How I mentally prepped for solo van life
Updated: Sep 6
Calling all anxious van lifers: how to mentally prep for van life full-time
Whether you're a solo female, a couple, a solo male – it doesn't matter. Switching from a traditional home to live in a built-out camper van full-time is a BIG life change. So big, in fact, that it's what kept my own van life dream written off as just a pipe dream for a long time. Figuring out how to be financially stable, not too lonely, and stay safe, overwhelmed me to the point of inaction. But I hope this article can help prevent that for anyone who also feels extremely overwhelmed by those factors.
"How do I start solo van life?"
Maybe you're considering buying a van, already bought a van, or are in the process of building out a van. In any case, there are some steps you can take to help make the transition a little less shocking to the system. As a naturally fairly anxious person, I took these steps and found they helped prep me as much as possible.
Established a communication routine with friends or family before I was on the road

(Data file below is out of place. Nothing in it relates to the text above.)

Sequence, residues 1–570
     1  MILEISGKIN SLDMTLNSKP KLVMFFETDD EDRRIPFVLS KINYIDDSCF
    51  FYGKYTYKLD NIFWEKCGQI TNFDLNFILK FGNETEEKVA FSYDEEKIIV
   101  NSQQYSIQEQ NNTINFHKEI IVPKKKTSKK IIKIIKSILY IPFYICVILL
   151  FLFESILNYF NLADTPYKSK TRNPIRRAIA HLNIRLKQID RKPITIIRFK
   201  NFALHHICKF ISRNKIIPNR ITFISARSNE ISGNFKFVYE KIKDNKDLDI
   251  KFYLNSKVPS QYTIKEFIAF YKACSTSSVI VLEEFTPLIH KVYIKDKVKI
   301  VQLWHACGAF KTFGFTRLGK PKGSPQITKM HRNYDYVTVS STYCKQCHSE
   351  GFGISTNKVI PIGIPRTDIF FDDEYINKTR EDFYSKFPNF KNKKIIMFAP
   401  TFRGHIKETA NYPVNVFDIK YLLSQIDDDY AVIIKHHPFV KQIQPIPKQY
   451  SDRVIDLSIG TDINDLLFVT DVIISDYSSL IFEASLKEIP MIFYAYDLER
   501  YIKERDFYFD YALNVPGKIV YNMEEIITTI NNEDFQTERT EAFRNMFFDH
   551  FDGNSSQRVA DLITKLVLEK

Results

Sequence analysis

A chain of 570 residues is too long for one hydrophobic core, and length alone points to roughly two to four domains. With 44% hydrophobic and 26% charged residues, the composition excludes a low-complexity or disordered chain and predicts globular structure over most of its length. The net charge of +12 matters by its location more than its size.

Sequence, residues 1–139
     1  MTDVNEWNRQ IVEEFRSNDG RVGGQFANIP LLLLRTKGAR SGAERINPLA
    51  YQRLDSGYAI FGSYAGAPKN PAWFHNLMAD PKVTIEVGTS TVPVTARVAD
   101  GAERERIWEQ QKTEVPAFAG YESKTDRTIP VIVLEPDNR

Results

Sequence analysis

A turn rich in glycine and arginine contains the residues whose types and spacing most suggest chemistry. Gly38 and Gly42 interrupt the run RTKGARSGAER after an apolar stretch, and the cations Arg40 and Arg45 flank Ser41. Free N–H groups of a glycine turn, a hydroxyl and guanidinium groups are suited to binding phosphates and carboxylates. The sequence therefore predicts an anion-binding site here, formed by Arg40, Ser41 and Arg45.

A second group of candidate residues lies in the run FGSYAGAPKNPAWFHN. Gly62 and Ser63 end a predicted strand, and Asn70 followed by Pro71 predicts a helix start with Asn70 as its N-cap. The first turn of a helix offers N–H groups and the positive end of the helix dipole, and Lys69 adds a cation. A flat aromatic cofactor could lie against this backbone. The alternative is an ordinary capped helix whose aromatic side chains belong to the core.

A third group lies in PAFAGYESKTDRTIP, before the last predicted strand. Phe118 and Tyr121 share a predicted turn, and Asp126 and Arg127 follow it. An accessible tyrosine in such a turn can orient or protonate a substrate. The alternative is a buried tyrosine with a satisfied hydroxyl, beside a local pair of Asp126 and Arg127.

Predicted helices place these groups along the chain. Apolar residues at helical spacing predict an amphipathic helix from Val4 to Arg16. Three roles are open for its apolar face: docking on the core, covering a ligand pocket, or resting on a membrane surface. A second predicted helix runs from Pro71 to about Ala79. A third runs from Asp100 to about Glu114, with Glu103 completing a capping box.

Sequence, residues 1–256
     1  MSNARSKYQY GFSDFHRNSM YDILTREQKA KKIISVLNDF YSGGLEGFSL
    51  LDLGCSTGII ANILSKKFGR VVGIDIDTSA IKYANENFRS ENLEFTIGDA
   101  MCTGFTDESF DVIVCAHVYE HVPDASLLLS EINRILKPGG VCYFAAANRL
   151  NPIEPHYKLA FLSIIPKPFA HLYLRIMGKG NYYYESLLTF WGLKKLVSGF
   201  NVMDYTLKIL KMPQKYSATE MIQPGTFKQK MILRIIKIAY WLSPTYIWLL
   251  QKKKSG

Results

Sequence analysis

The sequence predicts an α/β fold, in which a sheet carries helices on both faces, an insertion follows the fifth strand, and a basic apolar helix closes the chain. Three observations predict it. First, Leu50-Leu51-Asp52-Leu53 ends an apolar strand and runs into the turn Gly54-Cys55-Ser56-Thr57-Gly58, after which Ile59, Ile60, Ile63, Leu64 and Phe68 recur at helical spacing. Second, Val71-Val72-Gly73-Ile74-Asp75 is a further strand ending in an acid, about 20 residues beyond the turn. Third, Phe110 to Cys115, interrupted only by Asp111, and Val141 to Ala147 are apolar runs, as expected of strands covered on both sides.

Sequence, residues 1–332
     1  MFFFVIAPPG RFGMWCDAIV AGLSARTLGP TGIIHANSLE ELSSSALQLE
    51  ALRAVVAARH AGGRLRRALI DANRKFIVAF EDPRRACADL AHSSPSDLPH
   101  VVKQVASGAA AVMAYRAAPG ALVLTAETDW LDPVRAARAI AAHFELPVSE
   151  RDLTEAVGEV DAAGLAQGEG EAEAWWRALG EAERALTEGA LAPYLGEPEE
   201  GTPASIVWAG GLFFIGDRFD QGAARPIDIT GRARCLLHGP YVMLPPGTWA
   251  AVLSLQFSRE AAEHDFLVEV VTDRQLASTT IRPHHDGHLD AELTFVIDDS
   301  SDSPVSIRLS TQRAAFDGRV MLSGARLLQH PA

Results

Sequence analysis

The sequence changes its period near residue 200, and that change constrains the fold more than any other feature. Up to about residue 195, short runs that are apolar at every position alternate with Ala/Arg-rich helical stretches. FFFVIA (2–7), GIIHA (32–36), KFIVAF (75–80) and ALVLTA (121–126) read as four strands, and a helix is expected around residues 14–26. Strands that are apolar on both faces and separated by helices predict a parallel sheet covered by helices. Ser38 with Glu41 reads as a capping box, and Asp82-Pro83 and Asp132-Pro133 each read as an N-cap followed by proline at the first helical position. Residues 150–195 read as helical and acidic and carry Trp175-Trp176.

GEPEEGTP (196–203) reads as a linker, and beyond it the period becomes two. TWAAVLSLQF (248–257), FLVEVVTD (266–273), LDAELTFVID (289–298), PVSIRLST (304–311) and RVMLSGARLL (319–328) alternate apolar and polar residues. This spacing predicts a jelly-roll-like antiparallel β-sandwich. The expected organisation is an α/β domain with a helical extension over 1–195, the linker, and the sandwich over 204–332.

For me, hitting the road felt like I was "abandoning" my previous lifestyle and friends, which I didn't like, because I loved my previous lifestyle and friends. They were all very supportive but I couldn't shake the fear of losing this community just because I wanted to try this new experience. I knew establishing routine communication before I was on the road was key to minimizing the feel of that "abandonment". So I made sure to stay on a pretty consistent texting (or Snap chatting) routine with my closest friends and family. Yeah, that's right–I Snapchat my mom more than anyone because it's honestly easier than typing out long update texts.
Now that I'm on the road, I have peace of mind knowing I can reach out to my closest friends and family and they'll already have a good idea of what I'm up to and vice versa–it's not some text out of the blue leaving them feeling confused and me lonely! It's my virtual road community.
Spent a LOT of time alone – albeit unintentionally